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February 23, 2018 1:02 pm

US Expected to Open Embassy in Jerusalem in May, Official Says

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A view of Jerusalem. Photo: Berthold Werner / Wikimedia Commons.

The United States is expected to move its embassy in Israel from Tel Aviv to Jerusalem in May, an American official told Reuters on Friday.

President Donald Trump announced in December that the US recognized Jerusalem as Israel‘s capital.

A May opening of a Jerusalem embassy appears to represent an earlier time frame than what had been expected. While speaking in the Israeli parliament last month, Vice President Mike Pence said the move of the embassy would take place by the end of 2019.

The opening will coincide with the 70th anniversary of Israel‘s founding, said the American official, speaking on condition of anonymity.

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According to the official, most embassy employees will remain in Tel Aviv.

“Come May, we’re moving the ambassador and a small team to Arnona,” the compound that currently houses the consular operations of the US Consulate General in Jerusalem, the official said.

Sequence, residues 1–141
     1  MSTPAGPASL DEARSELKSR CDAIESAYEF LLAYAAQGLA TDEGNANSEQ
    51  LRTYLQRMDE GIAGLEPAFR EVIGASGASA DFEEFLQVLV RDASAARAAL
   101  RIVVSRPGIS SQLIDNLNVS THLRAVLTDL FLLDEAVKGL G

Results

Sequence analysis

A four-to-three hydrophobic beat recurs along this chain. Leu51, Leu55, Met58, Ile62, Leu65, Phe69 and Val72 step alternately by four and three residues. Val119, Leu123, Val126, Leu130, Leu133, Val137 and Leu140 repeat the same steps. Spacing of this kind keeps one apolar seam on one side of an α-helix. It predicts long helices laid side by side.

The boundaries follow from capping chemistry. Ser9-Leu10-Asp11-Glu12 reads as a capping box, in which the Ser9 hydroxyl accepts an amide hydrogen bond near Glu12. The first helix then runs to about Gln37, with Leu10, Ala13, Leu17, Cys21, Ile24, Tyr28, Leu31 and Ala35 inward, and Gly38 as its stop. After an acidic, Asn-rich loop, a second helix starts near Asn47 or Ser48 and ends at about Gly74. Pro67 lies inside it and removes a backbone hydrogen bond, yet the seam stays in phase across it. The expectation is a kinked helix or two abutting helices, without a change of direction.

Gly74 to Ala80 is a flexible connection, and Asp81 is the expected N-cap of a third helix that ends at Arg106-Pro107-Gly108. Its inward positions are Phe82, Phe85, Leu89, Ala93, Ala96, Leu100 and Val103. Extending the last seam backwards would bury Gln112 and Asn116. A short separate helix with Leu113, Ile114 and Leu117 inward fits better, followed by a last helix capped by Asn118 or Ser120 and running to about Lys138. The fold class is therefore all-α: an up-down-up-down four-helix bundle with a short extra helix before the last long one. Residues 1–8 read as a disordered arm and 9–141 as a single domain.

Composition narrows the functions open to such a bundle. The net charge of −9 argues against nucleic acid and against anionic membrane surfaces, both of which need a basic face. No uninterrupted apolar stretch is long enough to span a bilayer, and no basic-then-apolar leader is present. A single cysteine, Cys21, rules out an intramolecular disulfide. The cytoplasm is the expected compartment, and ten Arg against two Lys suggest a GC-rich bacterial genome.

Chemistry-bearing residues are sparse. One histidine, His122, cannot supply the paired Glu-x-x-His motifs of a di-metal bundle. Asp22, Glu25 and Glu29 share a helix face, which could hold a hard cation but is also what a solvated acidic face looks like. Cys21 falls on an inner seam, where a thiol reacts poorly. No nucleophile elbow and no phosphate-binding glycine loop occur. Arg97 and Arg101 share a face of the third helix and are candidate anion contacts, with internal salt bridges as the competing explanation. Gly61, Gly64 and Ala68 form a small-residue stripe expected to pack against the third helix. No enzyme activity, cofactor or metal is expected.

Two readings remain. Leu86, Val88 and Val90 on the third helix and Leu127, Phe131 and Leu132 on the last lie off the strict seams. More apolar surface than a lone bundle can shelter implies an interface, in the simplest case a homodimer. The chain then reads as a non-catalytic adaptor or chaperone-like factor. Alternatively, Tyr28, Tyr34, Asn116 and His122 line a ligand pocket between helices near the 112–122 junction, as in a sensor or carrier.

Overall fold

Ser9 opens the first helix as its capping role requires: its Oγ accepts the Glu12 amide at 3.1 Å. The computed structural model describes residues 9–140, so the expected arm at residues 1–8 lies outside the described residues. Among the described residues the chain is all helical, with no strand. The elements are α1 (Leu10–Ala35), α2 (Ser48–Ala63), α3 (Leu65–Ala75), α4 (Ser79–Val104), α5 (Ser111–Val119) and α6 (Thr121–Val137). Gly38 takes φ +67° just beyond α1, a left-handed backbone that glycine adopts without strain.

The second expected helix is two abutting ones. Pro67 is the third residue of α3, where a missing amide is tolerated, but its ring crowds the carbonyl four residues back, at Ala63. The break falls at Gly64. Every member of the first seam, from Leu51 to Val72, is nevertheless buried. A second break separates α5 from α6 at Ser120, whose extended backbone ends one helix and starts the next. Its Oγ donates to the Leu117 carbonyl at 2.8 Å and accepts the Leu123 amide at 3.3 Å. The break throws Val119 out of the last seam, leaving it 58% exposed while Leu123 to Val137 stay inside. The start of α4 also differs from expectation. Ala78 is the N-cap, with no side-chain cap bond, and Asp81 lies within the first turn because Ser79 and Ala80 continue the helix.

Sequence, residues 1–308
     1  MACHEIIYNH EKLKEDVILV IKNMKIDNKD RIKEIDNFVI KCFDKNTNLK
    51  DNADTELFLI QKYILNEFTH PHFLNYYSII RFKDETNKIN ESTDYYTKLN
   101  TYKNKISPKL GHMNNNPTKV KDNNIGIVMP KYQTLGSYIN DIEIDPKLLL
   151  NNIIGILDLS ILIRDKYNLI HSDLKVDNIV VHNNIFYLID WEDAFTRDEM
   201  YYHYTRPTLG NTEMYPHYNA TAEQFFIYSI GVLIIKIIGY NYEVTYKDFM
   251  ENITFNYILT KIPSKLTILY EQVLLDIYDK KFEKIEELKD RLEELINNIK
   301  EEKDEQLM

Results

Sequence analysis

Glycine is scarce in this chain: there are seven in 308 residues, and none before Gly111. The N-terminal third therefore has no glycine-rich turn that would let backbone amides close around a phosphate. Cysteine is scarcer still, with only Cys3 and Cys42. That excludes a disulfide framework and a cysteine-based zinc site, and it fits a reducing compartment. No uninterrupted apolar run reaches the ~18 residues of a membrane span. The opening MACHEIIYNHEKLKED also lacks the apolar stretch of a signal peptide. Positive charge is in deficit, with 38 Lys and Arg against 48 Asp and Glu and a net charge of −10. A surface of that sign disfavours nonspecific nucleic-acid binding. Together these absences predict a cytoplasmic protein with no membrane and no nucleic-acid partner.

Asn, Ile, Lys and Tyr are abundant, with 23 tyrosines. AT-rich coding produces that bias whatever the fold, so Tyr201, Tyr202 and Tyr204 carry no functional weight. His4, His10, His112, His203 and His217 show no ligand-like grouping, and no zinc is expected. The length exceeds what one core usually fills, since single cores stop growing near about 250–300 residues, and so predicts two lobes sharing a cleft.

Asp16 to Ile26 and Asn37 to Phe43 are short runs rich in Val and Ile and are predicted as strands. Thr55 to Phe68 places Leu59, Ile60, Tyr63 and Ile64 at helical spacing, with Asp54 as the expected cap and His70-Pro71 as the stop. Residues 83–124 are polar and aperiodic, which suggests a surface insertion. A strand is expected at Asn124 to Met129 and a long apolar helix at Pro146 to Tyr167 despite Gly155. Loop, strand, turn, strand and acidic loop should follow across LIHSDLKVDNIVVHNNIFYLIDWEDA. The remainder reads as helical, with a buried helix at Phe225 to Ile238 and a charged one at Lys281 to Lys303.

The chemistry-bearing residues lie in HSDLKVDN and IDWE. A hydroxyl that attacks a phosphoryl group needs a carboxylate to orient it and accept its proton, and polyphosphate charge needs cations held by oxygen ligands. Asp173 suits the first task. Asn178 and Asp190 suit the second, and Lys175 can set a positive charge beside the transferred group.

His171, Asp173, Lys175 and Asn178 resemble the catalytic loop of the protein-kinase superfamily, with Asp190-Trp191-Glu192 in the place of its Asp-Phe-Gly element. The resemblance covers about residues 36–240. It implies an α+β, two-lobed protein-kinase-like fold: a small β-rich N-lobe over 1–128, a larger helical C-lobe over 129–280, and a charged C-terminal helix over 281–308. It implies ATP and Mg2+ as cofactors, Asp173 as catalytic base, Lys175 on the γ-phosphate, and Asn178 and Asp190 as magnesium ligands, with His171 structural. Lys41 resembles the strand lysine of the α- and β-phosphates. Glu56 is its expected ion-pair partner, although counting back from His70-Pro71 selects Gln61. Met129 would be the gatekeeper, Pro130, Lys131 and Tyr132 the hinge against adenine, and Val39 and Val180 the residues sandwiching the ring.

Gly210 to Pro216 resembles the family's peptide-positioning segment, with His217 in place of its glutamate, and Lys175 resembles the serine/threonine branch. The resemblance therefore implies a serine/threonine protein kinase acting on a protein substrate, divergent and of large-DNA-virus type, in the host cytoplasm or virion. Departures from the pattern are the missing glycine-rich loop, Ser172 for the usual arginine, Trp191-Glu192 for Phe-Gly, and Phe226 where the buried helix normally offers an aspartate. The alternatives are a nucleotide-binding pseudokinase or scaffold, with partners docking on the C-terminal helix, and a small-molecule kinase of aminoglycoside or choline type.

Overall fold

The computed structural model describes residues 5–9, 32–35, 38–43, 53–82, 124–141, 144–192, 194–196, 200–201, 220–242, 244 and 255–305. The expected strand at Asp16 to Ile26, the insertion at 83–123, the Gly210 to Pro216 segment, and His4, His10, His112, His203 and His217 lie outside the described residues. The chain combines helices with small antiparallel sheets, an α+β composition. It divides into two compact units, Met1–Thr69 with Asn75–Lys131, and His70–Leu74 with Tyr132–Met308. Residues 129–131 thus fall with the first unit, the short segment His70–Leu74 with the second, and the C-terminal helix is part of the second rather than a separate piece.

“What will happen by May, is a sign will be put up in Arnona identifying the facility as the US embassy,” the official added.

Phase two of the plan will include a search for a secure location to build a new embassy, said another official, who also spoke on the condition of anonymity.

Palestinians reacted to the news with anger.

“This is an unacceptable step. Any unilateral move will not give legitimacy to anyone and will be an obstacle to any effort to create peace in the region,” said Nabil Abu Rdainah, a spokesman for the Palestinian Authority President Mahmoud Abbas, who is in the US until Saturday.

An Israeli government source said Prime Minister Benjamin Netanyahu, who is scheduled to visit the White House on March 5, is in contact with the Trump administration and will respond when the US makes an announcement.

In a speech on Friday to a gathering of conservatives in suburban Washington, Trump recalled his Jerusalem recognition decision, saying he withstood enormous pressure over it.

“I put the word out that I may do it. I was hit by more countries and more pressure and more people calling, begging me ‘Don’t do it. Don’t do it. Don’t do it,'” Trump said.

“I said we have to do it. It’s the right thing to do. It’s the right thing to do, we have to do it. And I did it.”

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